Support 416-591-6711 option 1 or Email Us

It’s all Fun and Games Until Someone Gets Hacked - Fortnite Hacking, Phishing and more

Mon, 15 Jul 2019

A dirty little secret got released recently about the online gaming world. Fortnite, the most popular online game in 2018, entertaining more than 3.4 million players across its various platforms, had a big security flaw. Of course, Epic Games, a company that brought in somewhere around $3 billion in profits last year, has a large cyber-target on its back. With many users and major earnings, comes lots of sensitive data and potential money to be stolen.

It’s all Fun and Games Until Someone Gets Hacked

A crack in Fortnite’s armor

The security firm, Check Point Software, discovered the defect in Fortnite’s defenses. The potential security flaw occurred when players accessed their Fortnite accounts using 3rd party login services, like Facebook. When you access Fortnite through Facebook, your computer gets a security token that you use to access your Fortnite account after a redirection via a website link. It was actually the proverbial “weak link” that was the problem. The malleable link was corrupted so that people weren’t directed to their Fortnite accounts, but instead to older Epic Games’ websites, or subdomains – in this case, an old webpage from 2004. The old subdomains were flawed and could also be tampered with, allowing hackers to obtain user's login security tokens. Hackers could then use the acquired security tokens to access gamer’s accounts. 

Once gamer accounts were accessed sensitive data could be obtained, settings could be changed, and a phishing attempt could be launched. The phishing scheme mimicked an Epic Games’ message. It would be sent to the targeted gamers who, scammed into thinking it was a legitimate message from Epic Games, would click on the tampered link. Once the link was clicked on, hackers could access their accounts even without login credentials. This weakness permitted cybercriminals to take over Fortnite accounts. Once in, they could make purchases with the game's virtual currency (V-Bucks).

What we don’t know will hurt us

The scary part is that this flaw came to the attention of Epic Games in November of 2018 and they fixed the flaw in December, yet the game-playing public, those left vulnerable, are just hearing about it now. Oded Vanunu, Check Point’s head of products and vulnerability research, explained that these sorts of cybersecurity vulnerabilities are growing more common as apps become more multifaceted. The problem isn’t with the new apps, but that they are built across multiple software services that can be connected to older infrastructure that may be flawed, or their security measures outdated. Inadvertent connections to old and forgotten websites are especially common with the rate of technological development occurring. Corporations, especially gaming companies, want to ride the wave of hype and trend because that's where the money is. However, this speed of release, especially across platforms, can mean that necessary security measures are unintentionally overlooked.  "This is why we see so many big leaks of millions of records," Vanunu said.[i]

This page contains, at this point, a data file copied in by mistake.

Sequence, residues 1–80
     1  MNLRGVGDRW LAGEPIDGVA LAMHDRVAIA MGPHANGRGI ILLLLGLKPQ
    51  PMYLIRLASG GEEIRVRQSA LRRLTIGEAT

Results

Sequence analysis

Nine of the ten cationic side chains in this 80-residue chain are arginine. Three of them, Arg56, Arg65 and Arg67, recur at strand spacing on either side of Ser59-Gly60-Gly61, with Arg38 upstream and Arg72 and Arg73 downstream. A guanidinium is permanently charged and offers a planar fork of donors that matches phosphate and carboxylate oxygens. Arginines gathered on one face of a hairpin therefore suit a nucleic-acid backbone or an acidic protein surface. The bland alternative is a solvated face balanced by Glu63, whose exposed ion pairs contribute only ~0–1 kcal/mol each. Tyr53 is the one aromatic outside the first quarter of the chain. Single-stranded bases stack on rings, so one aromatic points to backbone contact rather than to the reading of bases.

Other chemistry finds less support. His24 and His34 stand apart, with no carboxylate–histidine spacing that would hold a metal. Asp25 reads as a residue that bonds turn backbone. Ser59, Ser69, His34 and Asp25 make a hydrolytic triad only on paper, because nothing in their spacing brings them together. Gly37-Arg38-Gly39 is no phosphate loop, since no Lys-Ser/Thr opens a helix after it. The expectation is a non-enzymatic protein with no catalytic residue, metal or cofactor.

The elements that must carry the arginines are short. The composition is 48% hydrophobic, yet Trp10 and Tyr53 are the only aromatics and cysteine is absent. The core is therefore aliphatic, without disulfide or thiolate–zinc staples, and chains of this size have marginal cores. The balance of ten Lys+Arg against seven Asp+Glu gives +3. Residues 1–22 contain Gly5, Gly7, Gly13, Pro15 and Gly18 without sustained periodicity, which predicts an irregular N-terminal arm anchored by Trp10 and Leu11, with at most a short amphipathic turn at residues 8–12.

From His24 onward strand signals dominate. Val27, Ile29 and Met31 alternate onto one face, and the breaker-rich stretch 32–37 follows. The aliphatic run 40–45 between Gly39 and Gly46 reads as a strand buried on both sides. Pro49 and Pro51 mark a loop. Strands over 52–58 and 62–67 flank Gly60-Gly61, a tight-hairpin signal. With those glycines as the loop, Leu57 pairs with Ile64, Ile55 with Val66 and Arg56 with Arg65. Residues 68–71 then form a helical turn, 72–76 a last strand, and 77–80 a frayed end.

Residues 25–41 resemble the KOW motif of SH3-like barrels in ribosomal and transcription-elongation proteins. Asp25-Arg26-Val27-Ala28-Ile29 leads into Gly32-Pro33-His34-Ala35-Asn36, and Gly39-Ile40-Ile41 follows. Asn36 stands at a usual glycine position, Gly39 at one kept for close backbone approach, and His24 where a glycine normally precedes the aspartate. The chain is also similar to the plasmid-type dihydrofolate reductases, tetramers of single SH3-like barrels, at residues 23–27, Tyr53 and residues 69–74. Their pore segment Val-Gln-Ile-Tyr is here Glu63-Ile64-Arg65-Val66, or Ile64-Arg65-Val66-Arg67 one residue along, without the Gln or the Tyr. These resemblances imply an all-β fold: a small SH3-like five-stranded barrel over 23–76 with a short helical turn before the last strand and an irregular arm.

Game developers, hustling to get new games on the market, often release them on the first platform that is ready. If that is iOS, then Android users feel left behind, and their anticipation gets amped up. While this anticipation may be great for creating marketing hype, it's not so good for cybersecurity. Some young and naïve gamers, who want to keep up with their peers, will download pre-release hacked versions of the popular games. Instead of getting in the game, they get caught in a trap.

This happened when Fortnite was released on what seemed like every platform except for Android. Android users, feeling left out, went online to search out an early cracked version of the game. They found it too. Except that the links to promised gameplay actually just linked to malware that when installed made money for the virus creators. This initial frantic search for early game versions is called the first attack vector[ii] and is used by hackers against mobile gamers. The malware that gets installed can lead to cryptomining, phishing, and identity theft.